‘We Are Still Here’ Puts a New Spin on Haunted House Tales

We Are Still HereAfter a tragic car accident leaves them mourning the loss of their son, Anne (Barbara Crampton) and Paul (Andrew Sensenig) move to a new home in rural New England to start anew and seek some closure. However, before they can flee screaming “Helllllll no!” at the top of their lungs, the weirdness begins. Frames fall over and break. An electrician gets burned by silhouetted beings lurking beneath the home’s floor boards. (Flee already, damn you!) In the home’s long-standing history, something has definitely gone awry.

But the deeply depressed Anne doesn’t want to run away. She claims that their son Bobby has traveled with them to their new home and is the reason for all the bumps in the night. But while a psychic friend attempts to figure out the house’s bad juju, it appears there are far darker and more sinister forces at work, which is more or less confirmed after a neighbor comes by to hint at the home’s (and town’s) dark past.

There’s so much to like about We Are Still Here, a haunted house horror film that released earlier this year after premiering at South By Southwest. Yes, Crampton is a big pull here for the horror geeks out there. Crampton appeared in 2011’s well-received You’re Next, but is far more renowned for 80’s fare like Re-Animator and Chopping Mall, and later, Rob Zombie’s Lords of Salem. Crampton plays the grief-stricken Anne like she’s made of glass, her disposition afflicted by a seasoned morosity. The audience feels for her, hoping that her desire of being reunited with her dearly departed won’t morph into her fatal downfall.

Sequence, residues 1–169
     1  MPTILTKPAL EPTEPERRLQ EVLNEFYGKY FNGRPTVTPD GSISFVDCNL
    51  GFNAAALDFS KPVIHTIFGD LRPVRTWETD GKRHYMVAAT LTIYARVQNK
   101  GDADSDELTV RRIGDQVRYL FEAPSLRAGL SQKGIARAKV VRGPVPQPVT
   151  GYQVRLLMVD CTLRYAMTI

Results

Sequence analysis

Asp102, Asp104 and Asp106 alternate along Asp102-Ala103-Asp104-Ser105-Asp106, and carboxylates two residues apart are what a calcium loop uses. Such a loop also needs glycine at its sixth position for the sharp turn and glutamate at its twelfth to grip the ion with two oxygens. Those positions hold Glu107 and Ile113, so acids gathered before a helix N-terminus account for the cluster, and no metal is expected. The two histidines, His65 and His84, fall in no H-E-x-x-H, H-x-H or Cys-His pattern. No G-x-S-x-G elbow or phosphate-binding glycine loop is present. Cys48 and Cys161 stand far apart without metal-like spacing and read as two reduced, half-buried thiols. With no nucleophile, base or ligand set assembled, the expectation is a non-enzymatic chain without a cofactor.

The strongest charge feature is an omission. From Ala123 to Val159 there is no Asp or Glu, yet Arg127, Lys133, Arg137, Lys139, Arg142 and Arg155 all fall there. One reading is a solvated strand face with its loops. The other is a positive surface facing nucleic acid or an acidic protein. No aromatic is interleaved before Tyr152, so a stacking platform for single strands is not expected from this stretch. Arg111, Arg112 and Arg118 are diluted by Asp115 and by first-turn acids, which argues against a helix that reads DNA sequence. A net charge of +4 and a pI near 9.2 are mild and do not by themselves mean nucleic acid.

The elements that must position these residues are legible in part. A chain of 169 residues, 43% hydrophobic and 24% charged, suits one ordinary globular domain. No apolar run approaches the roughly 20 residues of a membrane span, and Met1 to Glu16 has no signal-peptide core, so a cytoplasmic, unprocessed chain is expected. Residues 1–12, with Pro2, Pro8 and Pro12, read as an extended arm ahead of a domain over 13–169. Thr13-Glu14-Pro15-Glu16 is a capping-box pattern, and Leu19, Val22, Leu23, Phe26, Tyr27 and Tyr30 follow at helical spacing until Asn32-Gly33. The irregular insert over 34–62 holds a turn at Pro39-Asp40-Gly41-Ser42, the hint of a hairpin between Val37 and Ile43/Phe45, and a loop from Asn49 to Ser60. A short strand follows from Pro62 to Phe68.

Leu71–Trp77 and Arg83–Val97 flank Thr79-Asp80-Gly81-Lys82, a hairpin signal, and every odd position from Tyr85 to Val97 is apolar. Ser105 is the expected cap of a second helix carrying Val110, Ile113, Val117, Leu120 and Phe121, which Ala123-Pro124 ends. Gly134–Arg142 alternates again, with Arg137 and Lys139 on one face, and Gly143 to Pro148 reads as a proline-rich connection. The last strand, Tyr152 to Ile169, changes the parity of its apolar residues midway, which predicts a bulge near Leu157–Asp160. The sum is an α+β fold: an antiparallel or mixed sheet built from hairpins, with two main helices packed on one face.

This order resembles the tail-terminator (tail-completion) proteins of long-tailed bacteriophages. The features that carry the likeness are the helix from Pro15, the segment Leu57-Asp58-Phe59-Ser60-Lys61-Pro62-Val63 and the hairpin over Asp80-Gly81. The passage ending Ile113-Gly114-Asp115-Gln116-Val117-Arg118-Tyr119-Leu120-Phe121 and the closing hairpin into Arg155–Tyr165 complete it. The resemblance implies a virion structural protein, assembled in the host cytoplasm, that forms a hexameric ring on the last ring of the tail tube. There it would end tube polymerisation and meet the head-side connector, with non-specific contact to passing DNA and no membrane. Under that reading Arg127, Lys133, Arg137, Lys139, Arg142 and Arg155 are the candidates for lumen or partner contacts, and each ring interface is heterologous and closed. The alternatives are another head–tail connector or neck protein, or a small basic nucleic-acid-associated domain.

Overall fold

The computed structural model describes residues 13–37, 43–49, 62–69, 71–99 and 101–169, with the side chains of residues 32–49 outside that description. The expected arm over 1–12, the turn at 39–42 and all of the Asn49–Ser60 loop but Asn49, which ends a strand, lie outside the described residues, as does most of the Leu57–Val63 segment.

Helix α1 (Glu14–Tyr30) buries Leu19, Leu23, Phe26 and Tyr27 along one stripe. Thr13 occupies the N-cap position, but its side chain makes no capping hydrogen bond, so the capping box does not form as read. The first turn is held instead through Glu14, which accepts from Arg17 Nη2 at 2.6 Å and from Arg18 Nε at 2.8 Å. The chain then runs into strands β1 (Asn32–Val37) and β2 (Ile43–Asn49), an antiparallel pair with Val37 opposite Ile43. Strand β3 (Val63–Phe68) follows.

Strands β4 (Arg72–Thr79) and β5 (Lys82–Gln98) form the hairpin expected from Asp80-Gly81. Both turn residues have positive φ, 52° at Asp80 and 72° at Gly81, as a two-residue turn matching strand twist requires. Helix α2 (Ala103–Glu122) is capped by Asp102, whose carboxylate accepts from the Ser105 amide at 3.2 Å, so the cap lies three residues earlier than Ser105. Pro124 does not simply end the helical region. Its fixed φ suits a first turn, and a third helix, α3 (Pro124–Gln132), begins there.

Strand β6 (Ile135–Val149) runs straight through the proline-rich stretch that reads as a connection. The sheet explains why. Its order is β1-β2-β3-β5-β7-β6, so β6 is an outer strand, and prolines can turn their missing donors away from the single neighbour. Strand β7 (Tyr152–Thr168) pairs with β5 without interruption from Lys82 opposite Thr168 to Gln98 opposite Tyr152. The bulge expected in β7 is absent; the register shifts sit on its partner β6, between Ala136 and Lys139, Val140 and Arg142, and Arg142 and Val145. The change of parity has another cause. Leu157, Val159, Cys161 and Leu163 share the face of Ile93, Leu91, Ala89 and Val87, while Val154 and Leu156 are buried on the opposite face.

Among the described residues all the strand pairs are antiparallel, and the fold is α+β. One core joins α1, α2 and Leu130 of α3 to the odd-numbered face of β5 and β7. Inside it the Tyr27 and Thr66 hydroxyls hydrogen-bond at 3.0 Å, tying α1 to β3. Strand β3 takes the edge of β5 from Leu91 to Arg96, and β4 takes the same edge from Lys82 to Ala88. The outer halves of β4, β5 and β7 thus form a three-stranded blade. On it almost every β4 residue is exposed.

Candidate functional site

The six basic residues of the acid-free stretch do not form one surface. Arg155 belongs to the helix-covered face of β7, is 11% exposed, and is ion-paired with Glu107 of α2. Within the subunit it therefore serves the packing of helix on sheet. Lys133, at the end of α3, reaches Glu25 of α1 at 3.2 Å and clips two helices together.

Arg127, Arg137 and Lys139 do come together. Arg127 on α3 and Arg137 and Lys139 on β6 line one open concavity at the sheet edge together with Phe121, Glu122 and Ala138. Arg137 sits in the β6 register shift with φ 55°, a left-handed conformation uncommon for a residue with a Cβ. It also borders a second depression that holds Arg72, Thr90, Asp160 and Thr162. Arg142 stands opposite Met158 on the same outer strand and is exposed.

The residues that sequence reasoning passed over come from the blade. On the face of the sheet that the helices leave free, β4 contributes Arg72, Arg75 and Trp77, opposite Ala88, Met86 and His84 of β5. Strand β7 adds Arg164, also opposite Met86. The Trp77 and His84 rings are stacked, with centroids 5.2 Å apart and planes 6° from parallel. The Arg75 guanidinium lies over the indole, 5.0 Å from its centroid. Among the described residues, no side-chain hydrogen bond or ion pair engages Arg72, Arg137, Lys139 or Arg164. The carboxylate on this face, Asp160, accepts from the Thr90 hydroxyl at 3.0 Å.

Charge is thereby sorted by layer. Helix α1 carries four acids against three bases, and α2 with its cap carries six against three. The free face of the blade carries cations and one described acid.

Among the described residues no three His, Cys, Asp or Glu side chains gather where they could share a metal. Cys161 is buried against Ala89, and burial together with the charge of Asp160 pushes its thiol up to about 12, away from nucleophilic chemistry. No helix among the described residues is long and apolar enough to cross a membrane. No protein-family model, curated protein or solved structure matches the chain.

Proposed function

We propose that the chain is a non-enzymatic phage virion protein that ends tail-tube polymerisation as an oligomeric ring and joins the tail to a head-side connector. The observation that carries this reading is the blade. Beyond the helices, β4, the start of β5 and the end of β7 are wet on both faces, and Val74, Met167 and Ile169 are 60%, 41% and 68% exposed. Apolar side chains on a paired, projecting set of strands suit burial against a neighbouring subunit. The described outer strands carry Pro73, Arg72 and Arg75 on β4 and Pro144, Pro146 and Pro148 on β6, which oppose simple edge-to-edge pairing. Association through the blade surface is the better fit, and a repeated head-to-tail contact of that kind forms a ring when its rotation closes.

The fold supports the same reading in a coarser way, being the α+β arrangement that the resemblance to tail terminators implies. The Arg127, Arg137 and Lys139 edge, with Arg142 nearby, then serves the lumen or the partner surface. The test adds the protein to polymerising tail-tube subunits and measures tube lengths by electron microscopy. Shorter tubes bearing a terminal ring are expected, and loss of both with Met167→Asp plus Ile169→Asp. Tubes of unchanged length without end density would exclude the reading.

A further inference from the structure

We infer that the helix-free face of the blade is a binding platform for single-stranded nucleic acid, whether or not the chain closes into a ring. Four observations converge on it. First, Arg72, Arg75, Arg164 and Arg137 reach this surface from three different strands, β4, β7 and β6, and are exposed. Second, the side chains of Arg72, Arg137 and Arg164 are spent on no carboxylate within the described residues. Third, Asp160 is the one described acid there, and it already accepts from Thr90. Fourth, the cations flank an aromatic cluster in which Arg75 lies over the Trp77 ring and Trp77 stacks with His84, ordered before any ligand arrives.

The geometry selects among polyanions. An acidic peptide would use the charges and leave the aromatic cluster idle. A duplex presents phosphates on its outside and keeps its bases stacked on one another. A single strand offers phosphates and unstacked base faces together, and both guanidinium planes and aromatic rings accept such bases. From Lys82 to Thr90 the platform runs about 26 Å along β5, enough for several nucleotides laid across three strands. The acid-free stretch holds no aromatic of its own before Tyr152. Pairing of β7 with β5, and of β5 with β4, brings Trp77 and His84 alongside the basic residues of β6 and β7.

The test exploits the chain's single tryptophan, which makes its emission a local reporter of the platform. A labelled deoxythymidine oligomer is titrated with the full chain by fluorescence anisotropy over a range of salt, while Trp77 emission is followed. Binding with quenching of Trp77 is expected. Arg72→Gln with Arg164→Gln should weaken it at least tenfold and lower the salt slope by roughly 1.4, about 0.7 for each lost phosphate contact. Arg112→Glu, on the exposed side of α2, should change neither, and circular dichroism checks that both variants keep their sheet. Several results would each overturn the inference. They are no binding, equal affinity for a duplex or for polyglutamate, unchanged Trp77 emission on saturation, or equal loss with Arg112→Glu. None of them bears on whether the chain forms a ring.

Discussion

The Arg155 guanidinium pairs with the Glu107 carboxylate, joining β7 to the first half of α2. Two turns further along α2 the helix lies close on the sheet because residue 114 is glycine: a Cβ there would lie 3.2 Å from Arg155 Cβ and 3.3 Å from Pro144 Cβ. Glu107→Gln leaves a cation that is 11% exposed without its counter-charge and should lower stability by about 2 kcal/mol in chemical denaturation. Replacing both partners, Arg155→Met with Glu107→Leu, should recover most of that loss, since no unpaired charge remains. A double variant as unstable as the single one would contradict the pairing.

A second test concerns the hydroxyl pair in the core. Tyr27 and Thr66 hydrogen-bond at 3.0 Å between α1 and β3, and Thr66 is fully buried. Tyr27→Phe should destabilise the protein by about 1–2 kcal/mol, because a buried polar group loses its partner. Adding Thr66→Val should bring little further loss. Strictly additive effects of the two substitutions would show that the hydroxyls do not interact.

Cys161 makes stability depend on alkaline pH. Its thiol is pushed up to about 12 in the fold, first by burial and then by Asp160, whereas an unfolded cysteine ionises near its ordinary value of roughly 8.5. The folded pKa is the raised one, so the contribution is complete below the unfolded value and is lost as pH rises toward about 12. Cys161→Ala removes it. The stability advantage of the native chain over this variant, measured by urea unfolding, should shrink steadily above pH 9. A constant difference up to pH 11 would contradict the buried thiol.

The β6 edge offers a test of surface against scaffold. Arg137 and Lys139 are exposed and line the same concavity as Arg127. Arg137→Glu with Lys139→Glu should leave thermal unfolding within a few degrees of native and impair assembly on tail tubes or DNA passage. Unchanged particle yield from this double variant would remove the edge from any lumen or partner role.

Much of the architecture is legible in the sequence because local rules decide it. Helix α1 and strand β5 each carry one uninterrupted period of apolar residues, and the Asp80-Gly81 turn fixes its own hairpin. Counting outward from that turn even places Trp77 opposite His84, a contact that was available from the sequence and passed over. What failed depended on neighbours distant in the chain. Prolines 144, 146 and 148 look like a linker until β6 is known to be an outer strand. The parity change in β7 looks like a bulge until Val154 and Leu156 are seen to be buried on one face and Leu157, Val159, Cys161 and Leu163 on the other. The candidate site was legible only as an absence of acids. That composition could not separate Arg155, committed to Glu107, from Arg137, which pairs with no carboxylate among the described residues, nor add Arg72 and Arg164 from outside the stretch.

The film is visually dreary, beautifully encapsulating what upper state New York looks like in the dead of winter, and adding to the already mood-heavy atmosphere. Tension builds nicely as things start to go haywire and the ghostly presence makes its presence known. Jump scares are abound, but cleverly executed; they never feel like cheap ploys to boost the creepiness factor, nor do they chase pre-existing formulas or tropes. The tension is naturally embedded into the film’s groundwork, and before you know it, you’re holding your breath and sitting at the edge of your seat.

By the end of the movie, director Ted Geoghegan really lets the blood flow, giving the movie a nice balance for horror fans who love both contemporary and retro-style scares. Influenced by the works of Lucio Fulci, We Are Still Here is a retro-throwback at its core, yet it’s one that doesn’t fully rely on what’s been done before as a crutch, but rather twists up the formula to add its own patchwork on the ol’ haunted house narrative. If only every horror movie could have such a cognizant grasp of what’s already been done, without fear of pushing boundaries while paying homage to the greats. Grade: A-

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